Steppenwolf Theatre Company has opened its 2019/20 season with the Chicago premiere of Lauren Yee’s The Great Leap directed by Jesca Prudencio; it runs through October 20, 2019 in the Upstairs Theatre at 1650 N. Halsted, Chicago.
It’s a play about dichotomies, snapshotting and interweaving two basketball teams, two coaches, two sets of cultural norms. Two Asian women- one never seen- comprise the support system for a young basketball hopeful, Asian-American Manford, who ends up making the team despite his “short” stature. Ultimately, he travels with the University of San Francisco’s team to China for an exhibition match or “goodwill game” and confronts his heritage, in a double coming together of genetics and politics. The action takes place in two timeframes- 1971 and 1989- and in two venues- San Francisco and Beijing.
The play is as fresh and fast as the action on a superstar infused basketball court. Both the physical behavior and the repartee, tautly directed by Prudencio, deliver up a double serving of laugh-out-loud comedy and dramatic tension. More than that, it’s a family saga, a political/racial commentary, and a philosophical polemic on the nature of personal identity.
In the play’s dual time settings of 1971 and 1989, Saul, the American coach, projecting bravado, machismo and haranguing his players with a toilet mouth stream of invective cum encouragement, is figuratively front and center. His opponent Wen Chang is a stiff, correct, steely Communist party man. They first meet when Saul, as en envoy to China in 1971, advises Wong on how to put together a winning team. In what turns out to be a strange confluence of fate, Saul also taunts him about his sexless state. Wen Chang responds by revealing his liaison with a woman; in 1989 Manford discovers she is his mother, who later immigrated to America.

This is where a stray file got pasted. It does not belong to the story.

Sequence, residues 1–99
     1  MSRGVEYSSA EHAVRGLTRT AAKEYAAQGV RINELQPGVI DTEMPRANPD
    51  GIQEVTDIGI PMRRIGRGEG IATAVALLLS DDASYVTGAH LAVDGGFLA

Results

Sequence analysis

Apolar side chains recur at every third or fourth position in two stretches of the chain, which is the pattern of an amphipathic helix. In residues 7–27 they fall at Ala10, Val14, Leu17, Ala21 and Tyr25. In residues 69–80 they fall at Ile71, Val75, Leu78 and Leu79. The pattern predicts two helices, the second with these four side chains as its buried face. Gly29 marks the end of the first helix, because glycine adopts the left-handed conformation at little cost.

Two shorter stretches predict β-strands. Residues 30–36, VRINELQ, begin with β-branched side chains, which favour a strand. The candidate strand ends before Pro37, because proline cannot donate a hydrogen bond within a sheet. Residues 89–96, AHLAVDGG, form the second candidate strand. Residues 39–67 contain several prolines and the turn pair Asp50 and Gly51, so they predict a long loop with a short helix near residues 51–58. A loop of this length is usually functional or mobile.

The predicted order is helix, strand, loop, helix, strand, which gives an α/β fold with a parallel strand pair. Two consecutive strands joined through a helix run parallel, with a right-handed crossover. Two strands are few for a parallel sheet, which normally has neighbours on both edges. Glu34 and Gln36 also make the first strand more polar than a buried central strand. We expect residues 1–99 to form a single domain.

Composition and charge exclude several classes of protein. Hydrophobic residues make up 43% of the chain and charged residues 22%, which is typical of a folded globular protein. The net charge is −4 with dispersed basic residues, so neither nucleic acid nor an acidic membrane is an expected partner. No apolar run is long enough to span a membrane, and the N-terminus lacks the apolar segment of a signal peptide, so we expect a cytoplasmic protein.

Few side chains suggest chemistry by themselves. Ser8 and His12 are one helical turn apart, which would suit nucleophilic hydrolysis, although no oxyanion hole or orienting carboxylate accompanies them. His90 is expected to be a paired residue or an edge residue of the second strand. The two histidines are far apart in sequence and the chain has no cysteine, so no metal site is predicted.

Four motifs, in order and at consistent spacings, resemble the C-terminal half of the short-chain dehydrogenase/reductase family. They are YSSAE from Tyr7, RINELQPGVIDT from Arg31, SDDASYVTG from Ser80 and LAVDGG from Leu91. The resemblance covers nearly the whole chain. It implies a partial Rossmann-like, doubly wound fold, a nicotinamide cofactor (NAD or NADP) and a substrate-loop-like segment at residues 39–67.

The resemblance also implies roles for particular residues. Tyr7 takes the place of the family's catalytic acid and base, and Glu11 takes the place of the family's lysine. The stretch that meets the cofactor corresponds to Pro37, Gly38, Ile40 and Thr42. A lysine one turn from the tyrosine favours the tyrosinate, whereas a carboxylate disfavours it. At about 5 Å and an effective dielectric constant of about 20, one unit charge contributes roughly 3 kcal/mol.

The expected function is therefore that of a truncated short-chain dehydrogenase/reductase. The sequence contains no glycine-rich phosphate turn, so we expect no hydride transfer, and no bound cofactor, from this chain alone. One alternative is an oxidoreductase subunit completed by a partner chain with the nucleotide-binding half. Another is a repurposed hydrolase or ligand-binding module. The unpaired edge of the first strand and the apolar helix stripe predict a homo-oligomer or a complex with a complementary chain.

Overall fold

With a background of shifting projections of Tiananmen square, to very real shouts of encouragement, the two coaches in 1989’s tournament “stalk the game”, as the audience is treated to a balletic exhibition of pirouettes and throws. Amid spectacularly subtle lighting, baskets are sunk by the hundred as Manford comes to represent the hopes of an entire generation.
Interspersed with scenes of frustrated determination, confrontational challenges and the revelations of family secrets are woven in a montage of scenes. The whole is so sensitively done, so realistic in feel; we never see the end coming, despite the grainy, horrific protest image and increasingly desperate rhetoric of Wen Chang.
In 1958, China’s Chairman Mao Zedong implemented a plan to convert the country’s agrarian economy into farm collectives run by the government; called “Great Leap Forward”, it was a disaster. The play, cleverly set in authentically loose and slangy English and contrastingly stilted Chinese interpreted “American-eze” emphasizes the differences between democracy and Communism.
The Great Leap contains simultaneous nuanced stories: Manford leaps through the air to sink the balls. Saul leaps across continents to promote a sport loved by both China and the U.S., and fathers a team of young men who are not his sons. Wen Chang takes a leap of faith toward his real son. All the characters ultimately transcend boundaries, forge alliances and strive to break the bonds that shackle us all, and they do so uttering great lines:
“Every game is a second chance to live your life all over again”.
“Never wait for someone to give you back what should be yours”.
“It is always your turn”.
Featuring Keith Kupferer as Saul, the coach with the heart of a lion; Deanna Myers as cousin Connie, the ultimate strong sister; Glenn Obrero as Manford, determined to conquer, even when filled with despair; and James Seol as Wen Chang, who allows his heart to open.
Thanks to Justin Humphres, scenic designer, who created spaces with just a hint of scenery; Jenny Mannis, costume designer, for understated yet perfect garb; Pornchanok Kanchanabanca, sound designer, for great noise and rockin’ music; and the rest of the artistic/production crew.
All photos by Michael Brosilow